Dear [first name / last name]
September 29, 2010 7:18 AM   Subscribe

I'm applying to a job where I recently worked for 2 years. In my cover letter and statement of interest, should I refer to my former co-workers (who are much older than me) by first, last, or full name?

I know the usual rule for job applications is to use last names. But I Googled for advice on this situation; some websites and books say it's OK to use first names if you are actually on a first-name basis with the people. However, I showed my cover letter and statement of interest to a friend, and she recommended using last names instead.

Here are some more details in case they're relevant (I'm erring on the side of more rather than less detail because I don't even know how much this hinges on the specific situation):

This is a paper application that I'm going to mail. I'm required to write a cover letter (which will be extremely brief) and a separate statement of interest.

The job is quite technical, formal, professional, with essentially no need for creativity or personal expression. Let's say it's a government agency.

The person to whom I'm addressing the cover letter is more-or-less the head of the whole agency. Let's call him Arnold Smith. He did the interview that got me my job there in the first place; I had several long work-related discussions with him during the job; and we would often pass each other in the halls and say "hi" by first name.

There's no question that if I still had the job and were emailing him, I'd start if with "Hi, Arnold." So my inclination is to start the cover letter "Dear Arnold," (with a comma, not a colon). But should I write "Dear Mr. Smith:" (with a colon) just to be all "Look, I'm following the proper rules for a job application"?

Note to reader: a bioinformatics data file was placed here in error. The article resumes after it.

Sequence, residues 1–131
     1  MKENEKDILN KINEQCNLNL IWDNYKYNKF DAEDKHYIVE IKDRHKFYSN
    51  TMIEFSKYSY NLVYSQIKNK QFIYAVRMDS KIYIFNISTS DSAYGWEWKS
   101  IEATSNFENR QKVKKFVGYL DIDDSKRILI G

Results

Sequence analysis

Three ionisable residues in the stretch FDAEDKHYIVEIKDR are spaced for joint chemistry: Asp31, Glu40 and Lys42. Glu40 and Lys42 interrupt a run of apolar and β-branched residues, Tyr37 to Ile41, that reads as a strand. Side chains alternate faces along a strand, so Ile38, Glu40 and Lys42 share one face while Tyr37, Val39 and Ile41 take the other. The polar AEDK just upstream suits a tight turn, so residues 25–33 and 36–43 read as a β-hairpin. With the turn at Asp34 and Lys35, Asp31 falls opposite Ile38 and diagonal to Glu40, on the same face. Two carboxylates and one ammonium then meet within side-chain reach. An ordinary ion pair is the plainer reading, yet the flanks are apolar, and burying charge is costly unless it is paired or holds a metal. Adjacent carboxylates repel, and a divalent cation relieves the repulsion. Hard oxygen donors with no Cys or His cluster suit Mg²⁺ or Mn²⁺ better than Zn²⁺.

Another thing. In my statement of interest, I refer to 3 other people I've worked with. Two of them were my supervisors, with whom I worked very closely during the job and with whom Arnold has worked closely for at least 10 years. ("I have experience in X by doing such-and-such with [name] and [name].") The other is someone I rarely worked with, but who works closely with Arnold and who would be my primary mentor/supervisor if I got this job. I'm basically applying to be #2 to him. ("I look forward to working with [name] on X.") So what should I do here? First names, last names, or full names? This is another situation where I would definitely use just the first names if I were talking in person to Arnold (or anyone who might be on the hiring committee). But I have the same concern about balancing everyday genuineness (which would suggest first names) with job-application propriety (last names).

I'm 29; these people are all in their 40s or 50s.

I don't even know if the answer is totally obvious or if this is a grey area. Advice please?
posted by jejune to Work & Money (5 answers total) 2 users marked this as a favorite
Best answer: "Dear Mr Smith" to start the letter, and "Firstname Lastname" for all the other people.

Everyone understands that job applications are formal; you can hardly be TOO formal, but you certainly can be too informal.

Also, if any of the first names are at all ambiguous, or their owners may have moved on since, you'll be helping out by being really clear who you're talking about.
posted by emilyw at 7:21 AM on September 29, 2010

First name on the salutation to someone you already know, but with a colon because it's still a business letter. First and last when referring to others in the body of the letter.
posted by ottereroticist at 7:21 AM on September 29, 2010

Response by poster: Also, if any of the first names are at all ambiguous, or their owners may have moved on since,

I'm pretty sure they're all still there. They've all been there for a long time, and my job there ended just a few weeks ago.

The one slightly ambiguous thing is that the guy who would be my supervisor if I got this job has the same first name as me.
posted by jejune at 7:30 AM on September 29, 2010

Best answer: I recently went through something similar. I would apply as if you didn't work there already. That is to say, treat your letter of interest the same as you would for any other job. Take it seriously (not that you wouldn't, but it is weird applying within an organization). Especially since you says it's technical, professional, and formal, I would probably use full names for the people in the letter.

So yeah, I agree with emilyw and ottereroticist.
posted by kendrak at 7:31 AM on September 29, 2010

Response by poster: OK, you've convinced me. Thanks!
posted by jejune at 7:40 AM on September 29, 2010

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